Nobody ever says they want to be a museum guard when they grow up. Nonetheless, though I did not foresee following such a career path, this is exactly the trajectory my professional life has taken. I have guarded at several art museums now and have begun referring to each stint as part of an ongoing series of performances wherein I play the part at different art institutions: Museum Guard #1: Harvard Art Museums (2001–2008); Museum Guard #2: The Isabella Stewart Gardner Museum (2009–2015). Come catch the latest iteration Wednesday through Sunday from 10am–5pm at the Baltimore Museum of Art (BMA).
All public-facing jobs are performative as the workers of those occupations must behave or “perform” in a manner they would not otherwise. This is what the French existentialist Jean-Paul Sartre means by “bad faith” when describing the actions of his café waiter:
Listen beautiful relax classics on our Youtube channel.
His movement is quick and forward, a little too precise, a little too rapid…. He is playing, he is amusing himself. But what is he playing? We need not watch long before we can explain it: He is playing at being a waiter in a café.
As Shakespeare wrote: “All the world’s a stage, / And all the men and women merely players …”
For an artist like myself, guarding is an ideal day job allowing for many hours of looking at, reflecting on, and being inspired by great works of art. I get paid to hang around art all day! The path from guard to established artist is well-trodden. Both Sol LeWitt and Robert Mangold were security guards at MoMA in New York City before becoming hugely successful artists. Andrea Fraser, too, was a gallery attendant at Dia Chelsea before becoming an established artist. In her piece “Museum Highlights: A Gallery Talk” (1989), Fraser plays the part of a museum docent leading a tour through the Philadelphia Museum of Art. During her performance, Fraser overly dramatizes each museum space, no matter how banal, describing for instance a common water fountain to the group as “a work of astonishing economy and monumentality … it boldly contrasts with the severe and highly stylized productions of this form!”
In many ways, an art museum is a microcosm of modern society. As with the non-art world, a rigorous hierarchy of distinct classes structures the museum: the board, director, department heads and other senior leadership are the one percent, upper-crust elites who are paid very well. The education staff, conservators, and curators represent the upper-middle class and are paid fairly well. Further down, curatorial assistants, exhibition and graphic designers, installers and preparators make up the lower-middle class, and are paid decently. And finally, at the bottom, alongside custodians, gift shop and visitor services staff, are the guards — the working-class members of the museum — who are paid the least. In terms of its pecking order, an art museum is essentially the non-art world in miniature. The work becomes more manual and service-oriented the further down the ladder you go.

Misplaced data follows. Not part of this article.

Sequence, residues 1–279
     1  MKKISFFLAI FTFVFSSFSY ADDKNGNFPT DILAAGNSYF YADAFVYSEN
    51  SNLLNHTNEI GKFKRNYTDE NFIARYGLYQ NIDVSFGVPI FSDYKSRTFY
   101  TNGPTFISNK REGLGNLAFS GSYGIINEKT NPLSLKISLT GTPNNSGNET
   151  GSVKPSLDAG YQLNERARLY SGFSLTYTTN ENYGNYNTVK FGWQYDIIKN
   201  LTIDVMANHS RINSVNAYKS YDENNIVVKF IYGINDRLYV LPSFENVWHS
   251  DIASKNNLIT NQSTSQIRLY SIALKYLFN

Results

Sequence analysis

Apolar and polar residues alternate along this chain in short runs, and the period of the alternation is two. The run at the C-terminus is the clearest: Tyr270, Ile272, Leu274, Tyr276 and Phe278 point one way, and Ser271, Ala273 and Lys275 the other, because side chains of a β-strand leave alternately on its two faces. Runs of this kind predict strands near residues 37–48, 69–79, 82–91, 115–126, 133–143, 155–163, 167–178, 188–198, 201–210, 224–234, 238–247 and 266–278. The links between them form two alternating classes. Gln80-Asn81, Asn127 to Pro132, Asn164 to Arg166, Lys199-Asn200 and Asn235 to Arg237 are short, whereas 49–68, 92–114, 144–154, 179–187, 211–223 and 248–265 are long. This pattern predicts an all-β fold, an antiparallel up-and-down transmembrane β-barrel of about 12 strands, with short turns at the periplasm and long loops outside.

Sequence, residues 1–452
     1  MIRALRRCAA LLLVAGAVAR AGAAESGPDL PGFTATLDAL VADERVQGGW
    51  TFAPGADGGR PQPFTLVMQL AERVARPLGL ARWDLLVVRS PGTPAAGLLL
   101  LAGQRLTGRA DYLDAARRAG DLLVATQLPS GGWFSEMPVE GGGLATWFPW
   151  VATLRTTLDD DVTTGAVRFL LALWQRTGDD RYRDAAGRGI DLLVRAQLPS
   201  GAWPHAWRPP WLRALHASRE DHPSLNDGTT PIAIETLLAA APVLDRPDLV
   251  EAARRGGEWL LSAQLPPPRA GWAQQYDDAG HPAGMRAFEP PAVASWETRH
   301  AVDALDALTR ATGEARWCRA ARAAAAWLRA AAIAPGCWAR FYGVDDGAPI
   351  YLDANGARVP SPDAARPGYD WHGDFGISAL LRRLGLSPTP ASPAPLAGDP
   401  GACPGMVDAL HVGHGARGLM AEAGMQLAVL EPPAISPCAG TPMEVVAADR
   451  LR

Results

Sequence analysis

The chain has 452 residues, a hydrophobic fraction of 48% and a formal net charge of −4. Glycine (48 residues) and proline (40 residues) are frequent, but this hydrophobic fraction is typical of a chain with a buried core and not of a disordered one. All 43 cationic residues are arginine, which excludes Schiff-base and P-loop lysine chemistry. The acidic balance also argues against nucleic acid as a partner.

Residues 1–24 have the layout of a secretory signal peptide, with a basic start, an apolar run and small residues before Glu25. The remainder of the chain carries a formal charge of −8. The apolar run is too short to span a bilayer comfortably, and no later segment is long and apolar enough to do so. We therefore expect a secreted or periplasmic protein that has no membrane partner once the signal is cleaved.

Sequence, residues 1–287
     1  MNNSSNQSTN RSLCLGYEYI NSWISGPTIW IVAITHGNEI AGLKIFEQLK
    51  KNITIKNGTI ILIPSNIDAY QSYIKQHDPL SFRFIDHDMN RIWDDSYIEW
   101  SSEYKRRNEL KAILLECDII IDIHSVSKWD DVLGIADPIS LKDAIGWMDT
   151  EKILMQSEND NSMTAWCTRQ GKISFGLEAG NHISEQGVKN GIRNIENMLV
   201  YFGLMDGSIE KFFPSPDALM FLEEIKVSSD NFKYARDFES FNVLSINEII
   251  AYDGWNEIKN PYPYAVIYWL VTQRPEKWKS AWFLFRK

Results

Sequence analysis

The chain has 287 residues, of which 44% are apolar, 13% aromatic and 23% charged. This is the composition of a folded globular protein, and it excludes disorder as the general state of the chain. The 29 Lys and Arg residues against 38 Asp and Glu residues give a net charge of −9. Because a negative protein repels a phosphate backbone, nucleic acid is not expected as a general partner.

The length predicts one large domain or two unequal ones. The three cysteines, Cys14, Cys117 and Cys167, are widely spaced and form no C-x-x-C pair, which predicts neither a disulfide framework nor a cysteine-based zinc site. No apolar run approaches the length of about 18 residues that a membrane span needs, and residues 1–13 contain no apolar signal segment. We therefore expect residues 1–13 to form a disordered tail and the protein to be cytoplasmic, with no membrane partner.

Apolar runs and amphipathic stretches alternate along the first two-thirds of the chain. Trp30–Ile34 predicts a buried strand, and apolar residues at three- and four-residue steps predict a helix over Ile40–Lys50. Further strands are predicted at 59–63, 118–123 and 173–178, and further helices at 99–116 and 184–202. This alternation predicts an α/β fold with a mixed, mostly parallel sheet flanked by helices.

As such, many of the problems that afflict society at large can be found within the walls of art museums (albeit on a much smaller scale). There is no major issue with the division of labor. Indeed, how else should cultural institutions be organized? But the stratified pay could be greatly improved, of course, and better efforts can be made to advance the careers of museum workers from within the institution. But the main thing plaguing the contemporary museum workforce is found in the lack of dignity that members of the lower ranks must endure on a daily basis. To many of the better-paid museum staff, guards are, at best, “the help,” and at worst, ne’er-do-wells, unfortunate afterthoughts whose presence disturbs the purity of otherwise perfectly curated exhibitions. This position is untenable.
One way this situation could be alleviated is by curbing the more zealous middle managers who seem hell-bent on writing up guards for nearly any infraction. Certain supervisors, who were themselves guards until they schmoozed their way into managerial positions, take just a little too much joy in reprimanding their charges. The fact of the matter is there is a lot of downtime as a guard, and harping on minor infractions, like occasionally looking at one’s phone or doodling in a sketch pad, when there is absolutely nobody in the galleries, makes us feel like children being scolded by parents. Guards are expected to behave a certain proscribed way. (Outside of an art museum, where else would you expect someone to tell you not to touch something?) But it simply does not follow that they deserve to be treated disrespectfully.
To its credit, the BMA did not furlough or lay off any of its workers throughout the duration of the quarantine due to the Coronavirus. In fact, as the museum began reopening in stages after its second closure early last year, it was announced that all base pay would be increased to an hourly rate of $15. Considering many other museums across the country have laid off much of their staff during the pandemic, the pay increase was especially welcome news. Further, guards were offered the chance to curate their own exhibition based on connections they have with works from the collection. Scheduled to open in March 2022, Guarding the Art will showcase the work of the 17 BMA guards, including myself, who elected to participate in this unique opportunity.
For it to be truly successful and worthwhile, however, Guarding the Art needs to be the prototype, and not the final product. Nor should it be a conciliatory gesture on the part of the museum, or simply a public relations stunt. Nor can it be an exercise in virtue signaling. In other words, it cannot be done in bad faith. Guarding the Art has the chance to become the model for how museums honor and respect the dignity of their guards moving forward — not just at the BMA, but at museums around the world.